Association for Behavior Analysis International

The Association for Behavior Analysis International® (ABAI) is a nonprofit membership organization with the mission to contribute to the well-being of society by developing, enhancing, and supporting the growth and vitality of the science of behavior analysis through research, education, and practice.


34th Annual Convention; Chicago, IL; 2008

Event Details

Previous Page


Paper Session #10
Behavioral Motor Skill Training
Saturday, May 24, 2008
1:00 PM–1:50 PM
Area: DEV
Chair: Claire L. Poulson (Queens College, City University of New York)
A Behavioral Motor-Skill-Training Model.
Domain: Applied Research
PARSLA VINTERE (Queens College, The City University of New York)
Abstract: One of the hallmarks of expert performance of athletes, dancers, and musicians is their ability to exhibit a superior skill level under various environmental conditions. Research findings of the past three decades indicate that, in addition to physical attributes, expert performance in motor skills involves movement planning, analysis, and anticipatory control. These findings challenge conventional motor skill training, which often is characterized by the instructor-lead approach and an overwhelming emphasis on physical aspects of performance. In the instructor-lead approach, the overarching concepts of movement are not sufficiently explained and movement is taught through imitation and repetition. The purpose of this paper is to discuss some of the limitation of conventional motor skill training and to propose a number of complementary strategies: (a) fostering concept formation (b) education in functional and biomechanical demands of a skill and (c) development of anticipatory control of functionally successful movement components. A behavioral motor-skill-training model is proposed which combines the above-mentioned complementary strategies and conventional training. Findings are discussed in terms of possible application of the behavioral motor-skill-training model in sports, physical education, dance, fitness training, and physical therapy.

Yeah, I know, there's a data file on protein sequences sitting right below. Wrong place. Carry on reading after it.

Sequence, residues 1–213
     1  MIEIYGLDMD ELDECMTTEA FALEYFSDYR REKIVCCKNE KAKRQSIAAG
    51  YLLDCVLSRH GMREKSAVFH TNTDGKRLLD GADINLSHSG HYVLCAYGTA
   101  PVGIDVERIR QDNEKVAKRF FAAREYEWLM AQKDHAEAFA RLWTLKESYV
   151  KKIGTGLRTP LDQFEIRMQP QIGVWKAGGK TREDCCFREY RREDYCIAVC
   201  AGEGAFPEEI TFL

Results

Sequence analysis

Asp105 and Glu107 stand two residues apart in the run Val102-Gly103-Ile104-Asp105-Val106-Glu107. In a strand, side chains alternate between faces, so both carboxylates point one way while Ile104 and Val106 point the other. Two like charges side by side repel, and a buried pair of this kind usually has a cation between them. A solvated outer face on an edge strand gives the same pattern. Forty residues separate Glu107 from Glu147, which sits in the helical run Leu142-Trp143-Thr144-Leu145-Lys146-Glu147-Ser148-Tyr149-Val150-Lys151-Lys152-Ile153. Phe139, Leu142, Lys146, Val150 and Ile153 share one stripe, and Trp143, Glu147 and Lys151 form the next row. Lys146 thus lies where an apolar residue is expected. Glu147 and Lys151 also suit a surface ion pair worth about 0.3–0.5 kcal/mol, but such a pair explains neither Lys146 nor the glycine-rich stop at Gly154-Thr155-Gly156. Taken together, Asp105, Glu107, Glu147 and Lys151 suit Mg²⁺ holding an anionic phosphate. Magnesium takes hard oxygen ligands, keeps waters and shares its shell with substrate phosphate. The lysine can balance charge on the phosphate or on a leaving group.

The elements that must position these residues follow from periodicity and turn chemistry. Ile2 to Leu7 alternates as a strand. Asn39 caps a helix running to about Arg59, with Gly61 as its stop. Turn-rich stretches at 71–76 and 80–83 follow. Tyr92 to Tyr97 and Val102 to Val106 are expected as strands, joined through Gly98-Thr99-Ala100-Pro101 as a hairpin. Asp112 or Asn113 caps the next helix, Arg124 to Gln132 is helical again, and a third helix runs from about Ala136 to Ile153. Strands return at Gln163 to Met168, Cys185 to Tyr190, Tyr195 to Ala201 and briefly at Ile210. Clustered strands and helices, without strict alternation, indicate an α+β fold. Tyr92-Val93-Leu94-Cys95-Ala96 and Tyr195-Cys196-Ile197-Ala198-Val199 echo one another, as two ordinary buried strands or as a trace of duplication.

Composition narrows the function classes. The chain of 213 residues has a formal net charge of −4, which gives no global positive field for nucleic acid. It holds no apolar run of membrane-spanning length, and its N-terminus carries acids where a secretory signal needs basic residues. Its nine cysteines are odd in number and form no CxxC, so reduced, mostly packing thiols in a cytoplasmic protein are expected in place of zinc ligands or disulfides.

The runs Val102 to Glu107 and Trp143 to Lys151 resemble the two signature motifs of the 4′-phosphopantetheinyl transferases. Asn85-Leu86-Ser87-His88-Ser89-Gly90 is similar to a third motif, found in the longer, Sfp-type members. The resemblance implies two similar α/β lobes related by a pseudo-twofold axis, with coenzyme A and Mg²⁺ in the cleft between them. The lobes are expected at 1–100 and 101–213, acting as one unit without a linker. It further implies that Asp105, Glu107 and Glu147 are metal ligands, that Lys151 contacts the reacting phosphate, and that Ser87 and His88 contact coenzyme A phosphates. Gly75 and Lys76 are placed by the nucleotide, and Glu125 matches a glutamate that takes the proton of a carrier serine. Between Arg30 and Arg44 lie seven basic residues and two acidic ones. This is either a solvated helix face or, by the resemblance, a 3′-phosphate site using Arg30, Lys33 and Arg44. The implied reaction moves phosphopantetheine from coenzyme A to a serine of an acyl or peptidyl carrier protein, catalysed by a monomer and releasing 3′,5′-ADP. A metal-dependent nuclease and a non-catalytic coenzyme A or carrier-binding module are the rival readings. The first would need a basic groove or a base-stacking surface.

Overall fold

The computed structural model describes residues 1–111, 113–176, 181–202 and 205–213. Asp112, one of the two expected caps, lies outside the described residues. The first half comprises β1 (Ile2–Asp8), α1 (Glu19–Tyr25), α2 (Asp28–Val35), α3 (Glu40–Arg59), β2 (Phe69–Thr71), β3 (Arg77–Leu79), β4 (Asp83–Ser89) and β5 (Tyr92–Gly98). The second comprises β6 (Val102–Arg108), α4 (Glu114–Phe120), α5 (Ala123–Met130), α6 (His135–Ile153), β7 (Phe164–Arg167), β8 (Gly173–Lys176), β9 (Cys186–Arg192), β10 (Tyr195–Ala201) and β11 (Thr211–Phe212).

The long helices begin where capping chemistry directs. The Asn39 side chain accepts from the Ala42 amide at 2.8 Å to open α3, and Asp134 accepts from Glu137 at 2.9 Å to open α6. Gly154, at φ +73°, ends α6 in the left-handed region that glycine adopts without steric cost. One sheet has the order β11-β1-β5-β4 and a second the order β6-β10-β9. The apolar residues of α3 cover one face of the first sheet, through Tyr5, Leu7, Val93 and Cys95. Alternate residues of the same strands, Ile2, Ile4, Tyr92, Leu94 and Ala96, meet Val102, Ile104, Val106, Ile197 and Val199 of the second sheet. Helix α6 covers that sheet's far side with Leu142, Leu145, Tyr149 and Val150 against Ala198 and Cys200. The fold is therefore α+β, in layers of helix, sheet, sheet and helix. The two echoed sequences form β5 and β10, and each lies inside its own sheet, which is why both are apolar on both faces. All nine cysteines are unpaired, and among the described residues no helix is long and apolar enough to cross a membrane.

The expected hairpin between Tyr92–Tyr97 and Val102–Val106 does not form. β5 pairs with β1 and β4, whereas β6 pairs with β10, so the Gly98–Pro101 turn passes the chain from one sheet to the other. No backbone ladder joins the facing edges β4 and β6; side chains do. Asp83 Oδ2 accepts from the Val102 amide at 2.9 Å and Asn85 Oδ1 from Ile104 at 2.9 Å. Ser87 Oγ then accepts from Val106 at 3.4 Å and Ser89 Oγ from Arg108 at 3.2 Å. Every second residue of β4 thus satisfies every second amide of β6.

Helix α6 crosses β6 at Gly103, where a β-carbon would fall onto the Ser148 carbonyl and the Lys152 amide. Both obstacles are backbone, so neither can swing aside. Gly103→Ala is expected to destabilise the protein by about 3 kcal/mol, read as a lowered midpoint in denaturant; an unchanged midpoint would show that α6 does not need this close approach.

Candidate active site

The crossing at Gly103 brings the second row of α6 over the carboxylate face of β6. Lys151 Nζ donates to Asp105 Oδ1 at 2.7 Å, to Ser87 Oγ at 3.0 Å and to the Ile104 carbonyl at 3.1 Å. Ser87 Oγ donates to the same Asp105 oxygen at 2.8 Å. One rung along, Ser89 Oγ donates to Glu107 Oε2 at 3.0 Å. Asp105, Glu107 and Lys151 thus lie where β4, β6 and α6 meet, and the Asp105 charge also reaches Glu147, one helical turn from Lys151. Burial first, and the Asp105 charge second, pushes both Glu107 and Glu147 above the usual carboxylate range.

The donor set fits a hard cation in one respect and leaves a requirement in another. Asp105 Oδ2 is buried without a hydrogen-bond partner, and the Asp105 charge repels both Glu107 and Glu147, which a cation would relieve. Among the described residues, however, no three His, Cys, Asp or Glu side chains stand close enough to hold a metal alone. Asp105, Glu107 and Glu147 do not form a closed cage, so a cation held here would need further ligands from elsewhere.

The Effects of a Behavioral Motor-Skill-Training Package on Dance Performance.
Domain: Applied Research
PARSLA VINTERE (Queens College, The City University of New York), Liliane DeAguiar-Rocha (Queens College and The Graduate Center, The City University of New York), Claire L. Poulson (Queens College, The City University of New York)
Abstract: The conventional motor skill training is characterized by the instructor-lead approach in which the main focus is on the way movement looks. The present study examined the effects of a behavioral motor-skill-training package on the performance of six classical ballet movements. Three female college dance students participated in the study. The behavioral motor-skill-training package contained: (a) a lecture on a given movement (b) the student experiencing both the correct and incorrect performance (c) the student classifying her own performance (d) the student describing her own performance errors and (e) the student receiving feedback on her movement performance and verbal responding. A multiple baseline experimental design across classical ballet movements was used. Three of the six movements were directly trained using the behavioral motor-skill-training package and the other three movements were used as generalization probes and they were not directly trained. The data indicate that during baseline, participants performed below the chance level on all six movements. For all participants, a systematic increase in the percentage of trials with correct classical movements was observed following the behavioral motor-skill-training procedure on all six movements. The findings suggest that the behavioral motor-skill-training package may provide complementary strategies to conventional movement training.



Back to Top
Modifed by Eddie Soh